If you are in your thirties or older, you might remember a working life before the internet. For Generation Y, the equation is more simple – most people in their twenties and younger don’t remember a social life before the internet.
The up-and-coming cohort wants everything instantly – they can’t be bothered waiting for computers to start and for applications to load. Such youngsters have multiple applications running and want to be in touch with their contacts all of the time.
Everything stops for interaction: texts must be viewed instantly; email must be always available. This “instant response” culture must respond to all internet-enabled contacts instantaneously.
Such interactions will also be in multiple forms: several chat session will take place alongside Facebook and MSN, while the youngster is also listening to Spotify and Tweeting their thoughts to the wider world.
This combination of instant response and multiple forms of interaction has created a multi-tasking generation. This group thinks nothing of always being ready for online collaboration.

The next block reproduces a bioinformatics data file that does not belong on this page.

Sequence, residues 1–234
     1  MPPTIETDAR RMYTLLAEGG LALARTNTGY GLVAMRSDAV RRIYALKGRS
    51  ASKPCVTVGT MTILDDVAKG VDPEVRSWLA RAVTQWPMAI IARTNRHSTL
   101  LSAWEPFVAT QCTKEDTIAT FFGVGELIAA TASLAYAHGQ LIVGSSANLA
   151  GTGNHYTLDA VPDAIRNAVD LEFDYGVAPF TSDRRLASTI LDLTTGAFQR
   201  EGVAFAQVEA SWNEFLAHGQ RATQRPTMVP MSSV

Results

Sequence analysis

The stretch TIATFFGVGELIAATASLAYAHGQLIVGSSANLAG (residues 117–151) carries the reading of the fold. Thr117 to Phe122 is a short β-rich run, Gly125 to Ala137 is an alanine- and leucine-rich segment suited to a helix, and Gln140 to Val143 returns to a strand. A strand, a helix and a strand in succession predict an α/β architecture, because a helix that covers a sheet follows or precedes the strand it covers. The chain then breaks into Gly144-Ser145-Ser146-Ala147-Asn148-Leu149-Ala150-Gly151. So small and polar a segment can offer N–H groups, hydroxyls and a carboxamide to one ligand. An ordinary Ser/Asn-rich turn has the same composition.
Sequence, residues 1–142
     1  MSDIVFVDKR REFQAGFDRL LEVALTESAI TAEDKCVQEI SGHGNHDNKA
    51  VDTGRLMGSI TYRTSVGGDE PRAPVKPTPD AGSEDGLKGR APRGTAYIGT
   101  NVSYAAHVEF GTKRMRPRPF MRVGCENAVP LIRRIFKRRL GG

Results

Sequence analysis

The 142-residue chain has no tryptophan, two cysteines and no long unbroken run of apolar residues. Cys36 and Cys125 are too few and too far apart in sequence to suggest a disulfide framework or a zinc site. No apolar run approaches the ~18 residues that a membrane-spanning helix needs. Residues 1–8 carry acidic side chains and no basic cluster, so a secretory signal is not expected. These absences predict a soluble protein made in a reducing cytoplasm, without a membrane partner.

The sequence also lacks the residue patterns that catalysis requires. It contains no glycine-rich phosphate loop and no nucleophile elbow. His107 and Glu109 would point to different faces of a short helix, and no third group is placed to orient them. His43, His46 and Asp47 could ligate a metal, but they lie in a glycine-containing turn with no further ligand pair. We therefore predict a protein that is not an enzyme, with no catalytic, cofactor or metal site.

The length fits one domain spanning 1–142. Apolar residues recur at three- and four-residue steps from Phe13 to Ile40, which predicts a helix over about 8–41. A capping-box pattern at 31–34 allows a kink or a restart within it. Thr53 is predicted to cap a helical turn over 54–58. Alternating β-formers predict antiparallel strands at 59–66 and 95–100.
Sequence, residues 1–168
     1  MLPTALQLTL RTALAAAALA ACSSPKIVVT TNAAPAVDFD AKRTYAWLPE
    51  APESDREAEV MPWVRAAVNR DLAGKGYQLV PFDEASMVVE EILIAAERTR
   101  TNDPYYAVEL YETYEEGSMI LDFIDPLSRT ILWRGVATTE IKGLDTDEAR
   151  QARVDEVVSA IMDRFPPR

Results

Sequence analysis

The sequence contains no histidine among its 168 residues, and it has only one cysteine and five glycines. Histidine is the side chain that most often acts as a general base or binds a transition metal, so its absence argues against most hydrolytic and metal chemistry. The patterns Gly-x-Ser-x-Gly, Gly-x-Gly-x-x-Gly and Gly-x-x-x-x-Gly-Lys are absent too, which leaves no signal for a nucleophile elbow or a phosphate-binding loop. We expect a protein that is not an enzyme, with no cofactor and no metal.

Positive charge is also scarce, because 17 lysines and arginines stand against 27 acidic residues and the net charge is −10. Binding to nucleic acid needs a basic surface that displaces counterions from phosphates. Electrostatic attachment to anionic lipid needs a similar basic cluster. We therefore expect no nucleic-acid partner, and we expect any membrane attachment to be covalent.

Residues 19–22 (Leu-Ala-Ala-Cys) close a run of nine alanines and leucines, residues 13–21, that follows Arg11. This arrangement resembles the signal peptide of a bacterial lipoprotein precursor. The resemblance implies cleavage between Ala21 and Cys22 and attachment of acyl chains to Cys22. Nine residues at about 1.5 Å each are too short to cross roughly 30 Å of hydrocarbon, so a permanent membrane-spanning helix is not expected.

Such multi-tasking also has a significant social effect. The internet has become a way of life for the younger generation; after all, they simply know nothing different.
Their lives are intrinsically linked to being online and having instant interaction. It is model of collaboration that affects their broader life and youngsters now behave socially like they would online.
The multi-tasking generation is able to comfortably maintain two or three conversations at the same time. What would seem rude to Generation X and above is simply a normal way of conducting conversation.
The result is a new way of communicating. What has become apparent is social change driven by technology. Rather than society simply choosing to implement tools, technology has been adopted and appropriated to create a subtle difference in the way that conversations are maintained.
This transformation is only likely to become more intense. Facebook has just claimed its 500 millionth user and younger individuals are able to boast a contact list across various platforms that includes just about everyone they’ve ever met.
For the older generation, such connectivity sounds daunting. But it is a social change for which Generation X and above simply must be prepared. Your newest workers will be multi-taskers. Eventually, such multi-taskers will run business. Is your organisation ready for the technology-led social transformation?